Plasmids encoding the LAMP chimeras were created in the pCB6 vector, which contains the human cytomegalovirus promoter for expression in mammalian cells and the G418 resistance gene for selection in G418 medium. Table I shows the regions of amino acid sequence difference among the various chimeras, along with a schematic of the structure of the chimeras. All of the chimeras contain the lumenal domain of LAMP-1 up to the position defined by the boundary between exons 8 and 9 in the LAMP genes. The numbering of the amino acids in the chimeras starts with the first amino acid after the cleaved signal sequence of LAMP-1. Each of the first three chimeras in Table I has the transmembrane domain and the cytosolic tail from a single LAMP-2 variant. To dissect which region of the molecule is responsible for the differences in cellular distribution, the cytosolic tails were switched on the L/2b/2b and L/2c/2c chimeras creating L/2b/2c and L/2c/2b (Table I, chimeras 4 and 5). Four point mutations were created in the LAMP-2b cytosolic tail in the context of the L/2b/2b chimera to make the sequence more similar to the LAMP-2c tail (Table I, chimeras 6–9). The four point mutants include R391 to Y, S396 to T, V397 to L, and a combination mutant containing S396 to T and V397 to L. Finally, the reciprocal point mutation at the COOH-terminal residue of L396 to V was made in the L/2c/2c chimera (Table I, chimera 10).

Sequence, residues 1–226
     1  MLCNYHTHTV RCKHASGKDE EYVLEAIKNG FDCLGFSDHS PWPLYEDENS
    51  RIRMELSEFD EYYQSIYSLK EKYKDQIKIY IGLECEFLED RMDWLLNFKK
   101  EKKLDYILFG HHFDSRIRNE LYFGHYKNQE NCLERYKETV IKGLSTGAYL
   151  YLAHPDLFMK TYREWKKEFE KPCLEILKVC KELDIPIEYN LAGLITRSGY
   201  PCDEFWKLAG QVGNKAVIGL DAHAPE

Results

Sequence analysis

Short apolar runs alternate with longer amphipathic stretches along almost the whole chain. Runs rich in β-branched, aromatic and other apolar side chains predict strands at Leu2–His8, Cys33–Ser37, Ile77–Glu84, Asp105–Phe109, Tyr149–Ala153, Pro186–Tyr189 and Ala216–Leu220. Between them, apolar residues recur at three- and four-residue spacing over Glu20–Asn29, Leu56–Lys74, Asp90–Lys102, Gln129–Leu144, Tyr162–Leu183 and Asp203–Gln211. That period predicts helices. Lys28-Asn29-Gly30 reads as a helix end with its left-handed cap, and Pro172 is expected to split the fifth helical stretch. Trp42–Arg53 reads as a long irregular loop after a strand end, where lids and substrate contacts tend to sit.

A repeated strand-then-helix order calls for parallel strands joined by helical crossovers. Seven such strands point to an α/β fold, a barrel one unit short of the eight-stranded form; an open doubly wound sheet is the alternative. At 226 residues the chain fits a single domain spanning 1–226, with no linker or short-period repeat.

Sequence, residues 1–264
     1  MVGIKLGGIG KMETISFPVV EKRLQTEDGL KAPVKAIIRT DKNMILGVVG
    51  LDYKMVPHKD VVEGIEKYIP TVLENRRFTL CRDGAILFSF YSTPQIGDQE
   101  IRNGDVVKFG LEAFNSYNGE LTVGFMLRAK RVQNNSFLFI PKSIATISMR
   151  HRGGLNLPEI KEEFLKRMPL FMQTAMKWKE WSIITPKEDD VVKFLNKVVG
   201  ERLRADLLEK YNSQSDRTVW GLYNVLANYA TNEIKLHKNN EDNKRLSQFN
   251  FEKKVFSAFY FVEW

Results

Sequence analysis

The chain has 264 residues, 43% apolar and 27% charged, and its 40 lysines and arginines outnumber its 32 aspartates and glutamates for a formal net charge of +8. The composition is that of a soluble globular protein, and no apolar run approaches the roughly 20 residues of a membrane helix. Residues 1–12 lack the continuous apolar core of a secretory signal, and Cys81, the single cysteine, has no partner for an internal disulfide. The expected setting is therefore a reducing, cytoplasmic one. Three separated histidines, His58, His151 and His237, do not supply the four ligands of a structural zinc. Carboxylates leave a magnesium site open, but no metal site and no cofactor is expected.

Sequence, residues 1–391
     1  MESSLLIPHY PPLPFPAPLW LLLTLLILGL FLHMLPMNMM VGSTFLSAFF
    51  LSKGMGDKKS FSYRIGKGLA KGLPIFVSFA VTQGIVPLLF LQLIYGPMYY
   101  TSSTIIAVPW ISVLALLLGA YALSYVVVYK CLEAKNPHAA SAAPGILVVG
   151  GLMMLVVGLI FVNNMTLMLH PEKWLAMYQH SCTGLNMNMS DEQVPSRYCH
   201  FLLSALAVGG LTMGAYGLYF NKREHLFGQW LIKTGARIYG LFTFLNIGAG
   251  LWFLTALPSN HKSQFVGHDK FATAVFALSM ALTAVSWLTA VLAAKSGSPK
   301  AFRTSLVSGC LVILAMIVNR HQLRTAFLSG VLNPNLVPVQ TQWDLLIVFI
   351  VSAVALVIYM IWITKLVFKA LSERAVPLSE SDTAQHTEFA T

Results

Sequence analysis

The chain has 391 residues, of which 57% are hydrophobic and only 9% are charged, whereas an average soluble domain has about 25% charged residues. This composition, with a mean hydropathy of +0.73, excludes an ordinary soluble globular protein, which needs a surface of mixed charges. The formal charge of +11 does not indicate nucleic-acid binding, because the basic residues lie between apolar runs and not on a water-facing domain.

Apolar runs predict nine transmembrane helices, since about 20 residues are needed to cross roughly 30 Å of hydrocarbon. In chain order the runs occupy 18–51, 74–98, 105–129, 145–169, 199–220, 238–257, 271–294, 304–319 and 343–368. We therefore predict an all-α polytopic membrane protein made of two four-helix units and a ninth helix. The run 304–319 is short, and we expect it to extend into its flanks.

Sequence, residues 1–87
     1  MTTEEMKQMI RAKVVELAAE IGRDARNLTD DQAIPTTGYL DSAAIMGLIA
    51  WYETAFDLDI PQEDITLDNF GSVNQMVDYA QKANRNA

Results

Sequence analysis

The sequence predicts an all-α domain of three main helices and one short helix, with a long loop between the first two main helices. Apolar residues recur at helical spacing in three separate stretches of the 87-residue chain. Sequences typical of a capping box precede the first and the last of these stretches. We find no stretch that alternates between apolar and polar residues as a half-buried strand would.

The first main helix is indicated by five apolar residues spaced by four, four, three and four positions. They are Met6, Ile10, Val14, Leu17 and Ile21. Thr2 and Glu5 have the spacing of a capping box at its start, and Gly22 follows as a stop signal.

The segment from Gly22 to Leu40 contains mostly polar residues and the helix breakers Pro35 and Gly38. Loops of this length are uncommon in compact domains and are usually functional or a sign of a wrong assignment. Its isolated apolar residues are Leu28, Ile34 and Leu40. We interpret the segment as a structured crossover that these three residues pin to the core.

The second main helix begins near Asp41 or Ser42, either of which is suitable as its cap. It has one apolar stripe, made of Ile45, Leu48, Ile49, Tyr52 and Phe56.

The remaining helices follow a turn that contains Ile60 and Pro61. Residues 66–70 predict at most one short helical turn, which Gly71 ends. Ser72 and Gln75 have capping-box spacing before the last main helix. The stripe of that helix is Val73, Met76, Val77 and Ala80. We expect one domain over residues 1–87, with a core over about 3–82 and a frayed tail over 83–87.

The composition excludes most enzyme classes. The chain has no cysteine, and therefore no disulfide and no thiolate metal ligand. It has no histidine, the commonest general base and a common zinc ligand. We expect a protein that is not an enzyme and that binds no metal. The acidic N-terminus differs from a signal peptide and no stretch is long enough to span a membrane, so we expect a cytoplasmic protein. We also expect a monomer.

Point mutations were created using the Quick Change kit (Stratagene, La Jolla, CA), and the nucleotide sequences encoding the complete transmembrane and cytosolic tail of each chimera were confirmed by dideoxy sequencing with the Sequenase kit (United States Biochemical, Cleveland, OH) or dye terminator automated sequencing with the Genetic Analyzer (Prism 310; ABI Adv. Biotechnologies, Columbia, MD). The “tail switch” chimeras were constructed by generating a PCR product containing the desired sequence and splicing this sequence into the appropriate plasmid between unique HpaI and XhoI restriction enzyme sites. The nucleotide sequences of all subcloned PCR fragments were determined to confirm the fidelity of each PCR product. All primers were synthesized in the trityl-on mode with the DNA synthesizer (PCR-MATE; Applied Biosystems, Foster City, CA) and purified through oligo purification cartridges.
Cell Lines and Culture